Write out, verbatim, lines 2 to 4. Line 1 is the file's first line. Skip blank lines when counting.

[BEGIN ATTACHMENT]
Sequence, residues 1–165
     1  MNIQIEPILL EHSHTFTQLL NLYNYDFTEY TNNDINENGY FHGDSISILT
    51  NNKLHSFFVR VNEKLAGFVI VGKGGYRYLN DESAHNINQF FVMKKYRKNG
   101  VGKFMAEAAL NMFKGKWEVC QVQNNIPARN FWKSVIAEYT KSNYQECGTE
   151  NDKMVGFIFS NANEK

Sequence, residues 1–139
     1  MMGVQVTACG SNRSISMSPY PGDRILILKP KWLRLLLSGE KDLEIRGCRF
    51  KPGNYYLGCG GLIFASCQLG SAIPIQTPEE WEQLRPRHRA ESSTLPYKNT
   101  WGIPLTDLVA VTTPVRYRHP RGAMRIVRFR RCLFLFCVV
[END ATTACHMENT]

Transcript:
     1  MNIQIEPILL EHSHTFTQLL NLYNYDFTEY TNNDINENGY FHGDSISILT
    51  NNKLHSFFVR VNEKLAGFVI VGKGGYRYLN DESAHNINQF FVMKKYRKNG
   101  VGKFMAEAAL NMFKGKWEVC QVQNNIPARN FWKSVIAEYT KSNYQECGTE